Finding Neverland

At the Adrienne Arsht Center


Finding Neverland isn’t perfect. It has a serviceable score that you may forget as soon as you exit the theater, and its story may be lacking in real dramatic tension. But what it does well, it does better than perhaps any show in recent memory: it ignites our imaginations.

Based on the 2004 film starring Johnny Depp and Kate Winslet, Finding Neverland tells the story of how writer J.M. Barrie was inspired to write one of the world’s most beloved children stories, Peter Pan, after meeting widowed mother Sylvia and her four endlessly energetic children. His days go from being filled with writer’s block to playing pirates with the new kids in his life – a change that unleashes his inner kid and brings about a newfound zest for life.

If there’s one thing that sticks out about this production, it’s the beauty and ingenuity that went into some of the stage effects, including how the show brings Tinkerbell to life, and a glitter explosion in the second act that had the entire audience gasping in unison.


While the score often leans towards the generic side, there’s more than one standout, including the number “The Circus in Your Mind.” in which Barrie, Sylvia, and her kids use their imaginations to wreak havoc on a stuffy formal dinner party; and “Stronger,” which introduces us to Captain Hook. And then there’s the song “Neverland,” a ballad so lovely and full of heart that I challenge it not to bring a tear to your eye. It’s a song that reminds us why the origins of these wonderful stories are so significant. Peter Pan may bring memories of joy to all those who grew up loving it, but it was born from tragedy: the concept of Neverland was created by a young Barrie to cope with the death of his brother. In that moment, the show finally shows why this is a story worth telling.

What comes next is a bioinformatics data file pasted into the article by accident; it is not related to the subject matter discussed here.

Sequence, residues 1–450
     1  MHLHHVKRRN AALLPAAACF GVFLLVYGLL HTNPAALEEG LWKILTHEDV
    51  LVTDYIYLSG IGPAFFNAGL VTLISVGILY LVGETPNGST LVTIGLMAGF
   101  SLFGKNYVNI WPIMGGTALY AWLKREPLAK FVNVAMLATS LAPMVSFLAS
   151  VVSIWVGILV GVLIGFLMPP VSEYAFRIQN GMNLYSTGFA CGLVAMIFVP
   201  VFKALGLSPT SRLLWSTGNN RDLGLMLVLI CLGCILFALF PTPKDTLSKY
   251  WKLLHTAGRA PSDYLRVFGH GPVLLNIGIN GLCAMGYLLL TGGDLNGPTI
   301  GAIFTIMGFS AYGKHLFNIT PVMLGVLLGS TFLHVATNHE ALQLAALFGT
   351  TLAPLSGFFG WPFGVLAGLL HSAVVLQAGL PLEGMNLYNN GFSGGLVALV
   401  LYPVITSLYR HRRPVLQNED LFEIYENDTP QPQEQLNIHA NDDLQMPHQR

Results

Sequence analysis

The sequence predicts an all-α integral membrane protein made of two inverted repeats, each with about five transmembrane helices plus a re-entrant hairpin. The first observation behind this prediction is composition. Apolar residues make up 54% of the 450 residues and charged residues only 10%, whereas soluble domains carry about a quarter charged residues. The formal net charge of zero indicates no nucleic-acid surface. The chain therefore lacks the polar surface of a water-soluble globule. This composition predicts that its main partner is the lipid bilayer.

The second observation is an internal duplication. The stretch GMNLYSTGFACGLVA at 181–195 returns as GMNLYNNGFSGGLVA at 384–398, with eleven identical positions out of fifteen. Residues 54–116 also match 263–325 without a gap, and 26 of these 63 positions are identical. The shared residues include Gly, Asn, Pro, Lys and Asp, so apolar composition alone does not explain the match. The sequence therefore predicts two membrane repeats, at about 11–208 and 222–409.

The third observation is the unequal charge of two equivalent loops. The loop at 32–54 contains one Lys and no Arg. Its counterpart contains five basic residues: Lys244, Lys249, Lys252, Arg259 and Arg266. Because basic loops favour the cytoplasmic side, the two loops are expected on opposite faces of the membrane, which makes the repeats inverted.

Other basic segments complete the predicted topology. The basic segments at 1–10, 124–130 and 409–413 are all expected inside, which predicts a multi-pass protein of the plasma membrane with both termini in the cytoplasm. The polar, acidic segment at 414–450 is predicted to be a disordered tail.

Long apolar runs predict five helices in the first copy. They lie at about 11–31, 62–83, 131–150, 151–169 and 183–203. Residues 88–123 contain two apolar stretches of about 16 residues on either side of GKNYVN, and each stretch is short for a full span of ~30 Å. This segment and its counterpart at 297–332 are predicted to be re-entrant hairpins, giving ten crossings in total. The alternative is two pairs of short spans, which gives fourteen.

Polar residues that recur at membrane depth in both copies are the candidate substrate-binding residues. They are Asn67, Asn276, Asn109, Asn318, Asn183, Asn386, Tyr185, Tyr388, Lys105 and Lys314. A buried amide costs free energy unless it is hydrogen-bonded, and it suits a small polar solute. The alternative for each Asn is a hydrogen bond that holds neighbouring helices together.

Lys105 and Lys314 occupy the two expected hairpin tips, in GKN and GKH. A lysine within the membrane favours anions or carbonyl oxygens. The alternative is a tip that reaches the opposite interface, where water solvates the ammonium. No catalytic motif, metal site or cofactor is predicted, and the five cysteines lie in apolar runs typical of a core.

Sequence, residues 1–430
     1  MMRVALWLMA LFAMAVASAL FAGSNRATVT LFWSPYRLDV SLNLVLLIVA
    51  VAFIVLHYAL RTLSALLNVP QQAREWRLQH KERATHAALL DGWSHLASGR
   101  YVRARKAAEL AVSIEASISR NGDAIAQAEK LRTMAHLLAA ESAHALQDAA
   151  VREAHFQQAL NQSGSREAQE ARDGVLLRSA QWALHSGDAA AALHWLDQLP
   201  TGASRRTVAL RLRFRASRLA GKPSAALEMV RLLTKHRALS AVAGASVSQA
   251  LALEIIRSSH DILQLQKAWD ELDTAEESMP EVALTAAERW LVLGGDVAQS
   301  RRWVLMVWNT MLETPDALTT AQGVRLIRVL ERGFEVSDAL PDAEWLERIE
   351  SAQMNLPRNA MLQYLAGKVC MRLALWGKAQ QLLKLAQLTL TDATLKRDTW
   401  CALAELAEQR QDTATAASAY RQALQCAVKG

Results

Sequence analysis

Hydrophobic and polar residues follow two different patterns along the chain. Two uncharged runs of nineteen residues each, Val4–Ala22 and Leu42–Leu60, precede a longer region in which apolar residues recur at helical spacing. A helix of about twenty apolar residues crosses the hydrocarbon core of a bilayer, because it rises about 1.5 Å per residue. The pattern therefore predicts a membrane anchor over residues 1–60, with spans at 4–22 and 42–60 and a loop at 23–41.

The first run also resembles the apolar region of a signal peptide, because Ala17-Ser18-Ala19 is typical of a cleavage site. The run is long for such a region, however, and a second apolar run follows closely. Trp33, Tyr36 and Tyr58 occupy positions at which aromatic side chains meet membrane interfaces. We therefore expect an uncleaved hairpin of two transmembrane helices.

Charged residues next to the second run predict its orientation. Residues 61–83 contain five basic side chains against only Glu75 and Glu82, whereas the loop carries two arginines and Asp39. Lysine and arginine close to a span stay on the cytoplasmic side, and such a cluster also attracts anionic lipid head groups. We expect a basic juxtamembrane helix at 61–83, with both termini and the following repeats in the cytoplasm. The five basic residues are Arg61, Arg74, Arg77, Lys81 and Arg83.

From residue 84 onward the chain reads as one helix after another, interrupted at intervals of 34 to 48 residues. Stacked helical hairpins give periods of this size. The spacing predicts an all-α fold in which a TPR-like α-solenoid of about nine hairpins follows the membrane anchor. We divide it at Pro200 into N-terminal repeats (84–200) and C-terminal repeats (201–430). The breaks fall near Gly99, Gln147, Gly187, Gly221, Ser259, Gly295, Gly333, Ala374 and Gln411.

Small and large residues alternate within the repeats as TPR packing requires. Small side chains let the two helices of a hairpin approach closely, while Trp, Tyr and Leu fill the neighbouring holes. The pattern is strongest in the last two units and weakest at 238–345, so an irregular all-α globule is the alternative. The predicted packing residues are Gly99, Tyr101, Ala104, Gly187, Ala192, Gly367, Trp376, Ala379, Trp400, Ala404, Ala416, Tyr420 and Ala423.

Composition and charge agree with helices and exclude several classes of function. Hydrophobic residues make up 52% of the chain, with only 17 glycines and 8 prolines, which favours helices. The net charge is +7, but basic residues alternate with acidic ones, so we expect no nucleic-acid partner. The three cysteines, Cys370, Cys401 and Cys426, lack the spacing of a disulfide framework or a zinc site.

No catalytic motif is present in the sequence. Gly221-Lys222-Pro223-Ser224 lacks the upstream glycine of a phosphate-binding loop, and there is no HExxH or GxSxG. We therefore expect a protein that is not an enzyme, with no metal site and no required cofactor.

There’s some heavy subject matter here that results in a full-on tearjerker, but that shouldn’t keep parents from bringing the young ones to the theater. At its core, Neverland is an earnest ode to the sanctity of childhood. At a time when it feels like technology may be affecting kids’ ability to play using their imagination, Neverland reminds us to cherish childhood. And for adults, the message is clear: Youth may fade, but one can always access the kid-at-heart within, if only you just believe.

Finding Neverland is playing at the Adrienne Arsht Center for the Performing Arts now through December 31. For tickets and more info, visit: Finding Neverland.

Lauren Cohen was born and raised in Miami Beach and graduated from the University of Miami with a bachelor’s degree in Motion Pictures. She has been writing about film since 2009, with her movie reviews and features appearing regularly in Examiner.com and Miami Beach News, among others. She’s interviewed some of the most recognizable faces in the film industry, including Daniel Craig, Emma Stone, Channing Tatum, Joseph Gordon-Levitt and Javier Bardem.